Austria Table of Contents

After World War II, Austria's standard of housing was low, a reflection of the historically low quality of urban and rural housing, the poor economic development of Austria in the interwar period, and the destruction during World War II. Overcrowding was widespread, especially in urban centers and among the working classes, and many living units did not have such modern conveniences as running water, toilets, bathing facilities, or central heating. In 1951, for example, only one-third of the country's living units had running water; less than 31 percent had a toilet on the premises; and only 11 percent had bathing facilities. Stoves using coal, oil, or wood as fuel were the most common forms of heating.

Since then, however, Austrian housing has improved considerably. The number of living units has increased by 53 percent, although the population grew by just over 10 percent, and almost all of the living units built since 1945 have all modern conveniences. Furthermore, improvements have been made in many of the living units built before World War II, although there remains a clear gap between the overall standards of old and new buildings. Seriously substandard housing--living units with running water, but without toilets or bathing facilities on the premises--has been reduced to less than 10 percent of the total. Most of this housing is found in cities. Low-income groups, such as the elderly, unskilled workers, and foreign workers, are the most frequent inhabitants of substandard housing.

As of the early 1990s, just over 55 percent of all Austrians owned their own homes or apartments, either as private individuals or under the auspices of ownership cooperatives. The rate of home ownership is higher in rural areas than in urban areas and higher in western and central Austria than in the east. In urban areas, apartment houses are much more common than single-family dwellings. Renting is more common in cities and in eastern Austria. Renters have considerable legal rights that make the termination of leases difficult and that provide for the regulation of rents. The building and ownership of apartment buildings by the municipal government is common in cities, such as Vienna, which traditionally have social democratic municipal governments.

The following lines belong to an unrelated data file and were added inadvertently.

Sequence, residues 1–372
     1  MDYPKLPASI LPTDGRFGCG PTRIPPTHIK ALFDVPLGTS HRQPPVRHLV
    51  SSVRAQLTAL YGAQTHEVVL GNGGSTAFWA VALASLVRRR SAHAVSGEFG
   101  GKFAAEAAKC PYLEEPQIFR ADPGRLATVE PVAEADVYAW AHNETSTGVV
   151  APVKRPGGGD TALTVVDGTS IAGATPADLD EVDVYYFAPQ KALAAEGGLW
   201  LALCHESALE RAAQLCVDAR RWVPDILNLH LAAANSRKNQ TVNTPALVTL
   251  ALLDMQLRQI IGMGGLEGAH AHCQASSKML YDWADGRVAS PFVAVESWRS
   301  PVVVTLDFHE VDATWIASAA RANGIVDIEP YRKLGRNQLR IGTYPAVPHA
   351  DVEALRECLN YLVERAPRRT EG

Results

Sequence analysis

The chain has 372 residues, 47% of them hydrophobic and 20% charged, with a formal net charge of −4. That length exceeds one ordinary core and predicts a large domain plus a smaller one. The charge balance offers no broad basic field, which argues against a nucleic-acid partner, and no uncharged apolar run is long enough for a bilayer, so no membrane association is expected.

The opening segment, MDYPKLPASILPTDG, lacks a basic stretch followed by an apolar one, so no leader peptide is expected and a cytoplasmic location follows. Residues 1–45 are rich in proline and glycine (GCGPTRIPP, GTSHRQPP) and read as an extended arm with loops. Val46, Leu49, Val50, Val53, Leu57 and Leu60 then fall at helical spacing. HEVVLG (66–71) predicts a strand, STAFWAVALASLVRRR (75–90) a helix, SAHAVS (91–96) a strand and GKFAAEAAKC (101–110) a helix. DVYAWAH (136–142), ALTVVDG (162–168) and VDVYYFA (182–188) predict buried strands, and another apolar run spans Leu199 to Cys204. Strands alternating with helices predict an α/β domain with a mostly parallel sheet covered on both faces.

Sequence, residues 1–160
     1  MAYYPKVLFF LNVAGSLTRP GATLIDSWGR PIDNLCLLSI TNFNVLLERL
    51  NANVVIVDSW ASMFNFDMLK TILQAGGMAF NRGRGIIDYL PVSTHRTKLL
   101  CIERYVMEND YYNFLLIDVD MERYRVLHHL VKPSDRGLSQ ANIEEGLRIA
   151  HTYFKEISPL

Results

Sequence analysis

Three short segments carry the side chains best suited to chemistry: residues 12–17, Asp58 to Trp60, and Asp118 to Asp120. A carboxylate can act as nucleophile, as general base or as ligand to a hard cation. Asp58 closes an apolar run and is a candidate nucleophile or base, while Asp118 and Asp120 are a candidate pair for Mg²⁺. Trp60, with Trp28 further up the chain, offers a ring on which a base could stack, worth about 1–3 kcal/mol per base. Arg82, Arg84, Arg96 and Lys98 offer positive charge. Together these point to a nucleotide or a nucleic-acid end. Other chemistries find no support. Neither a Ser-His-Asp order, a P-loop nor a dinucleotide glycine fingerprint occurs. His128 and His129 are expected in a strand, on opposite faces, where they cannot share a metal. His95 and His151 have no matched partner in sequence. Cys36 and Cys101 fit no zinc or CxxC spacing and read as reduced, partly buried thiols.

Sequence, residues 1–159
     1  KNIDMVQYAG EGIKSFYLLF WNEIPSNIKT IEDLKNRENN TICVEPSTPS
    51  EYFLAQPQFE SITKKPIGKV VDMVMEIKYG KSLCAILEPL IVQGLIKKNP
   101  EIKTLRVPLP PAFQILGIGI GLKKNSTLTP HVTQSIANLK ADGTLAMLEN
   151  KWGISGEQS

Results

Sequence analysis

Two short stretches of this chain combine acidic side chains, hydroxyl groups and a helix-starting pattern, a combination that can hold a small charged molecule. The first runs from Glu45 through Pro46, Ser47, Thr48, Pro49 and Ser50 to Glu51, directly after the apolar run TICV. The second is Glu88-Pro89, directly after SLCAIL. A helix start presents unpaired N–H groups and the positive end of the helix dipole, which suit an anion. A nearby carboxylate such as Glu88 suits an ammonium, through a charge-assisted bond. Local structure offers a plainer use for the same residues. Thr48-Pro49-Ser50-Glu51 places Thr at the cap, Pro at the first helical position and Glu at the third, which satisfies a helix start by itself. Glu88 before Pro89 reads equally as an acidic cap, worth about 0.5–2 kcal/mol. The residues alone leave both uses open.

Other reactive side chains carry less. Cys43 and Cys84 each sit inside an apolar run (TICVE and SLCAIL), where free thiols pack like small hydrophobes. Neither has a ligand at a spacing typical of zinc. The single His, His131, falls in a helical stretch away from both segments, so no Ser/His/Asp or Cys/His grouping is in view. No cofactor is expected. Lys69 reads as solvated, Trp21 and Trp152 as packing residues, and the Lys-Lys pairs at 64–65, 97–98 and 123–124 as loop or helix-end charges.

By 1990 almost 10 percent of Austrians had a "second residence," used predominantly for recreational purposes. These second homes range from garden plots with huts (Schrebergarten), located on the outskirts of the cities, to old houses in rural communities and newly built one-family houses in the country.

At the beginning of the 1990s, around 25 percent of an average Austrian household's expenditures were for housing (mortgage or rent and utilities). Another 25 percent went for food (including alcohol and tobacco), and a further 16 percent was spent on transportation (including automobile payments). About 9 percent was spent on furnishings, 11 percent for clothing, education, or recreation, and the remainder for miscellaneous activities.

No scholarly work in English treats Austrian society as a whole. John Fitzmaurice's Austrian Politics and Society Today examines the development and roles of Austria's most important sociopolitical organizations. Although they are somewhat dated, a number of chapters from Modern Austria, edited by Kurt Steiner, are good historical and in-depth introductions to various aspects of Austrian society. Specific chapters in Austria: A Study in Modern Achievement, edited by Jim Sweeney and Josef Weidenholzer, offer a less detailed but more current analysis of many facets of Austrian society. Lonnie Johnson's Introducing Austria provides readers with some general insights into the dynamics of the development of Austrian society as a whole.

The Austrian government is responsible for a range of informative publications. The Federal Press Service's small book Austria: Facts and Figures is a good overview of the country's society, economy, and politics. The service also publishes a series of brochures in English and German that deal with specific aspects of Austrian society such as immigration, religion, education, and social security. These publications are available from Austrian embassies, consulates, and cultural institutes around the world. The annually revised Survey of the Austrian Economy from the government's Austrian Museum for Economic and Social Affairs in Vienna contains some social data. Scholarly publications in German from the Österreichisches Statistisches Zentralamt contain much information about Austrian society. Particularly valuable are Sozialstatistische Daten and Statistisches Jahrbuch für die Republik Österreich, both of which appear on a regular basis.

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Source: U.S. Library of Congress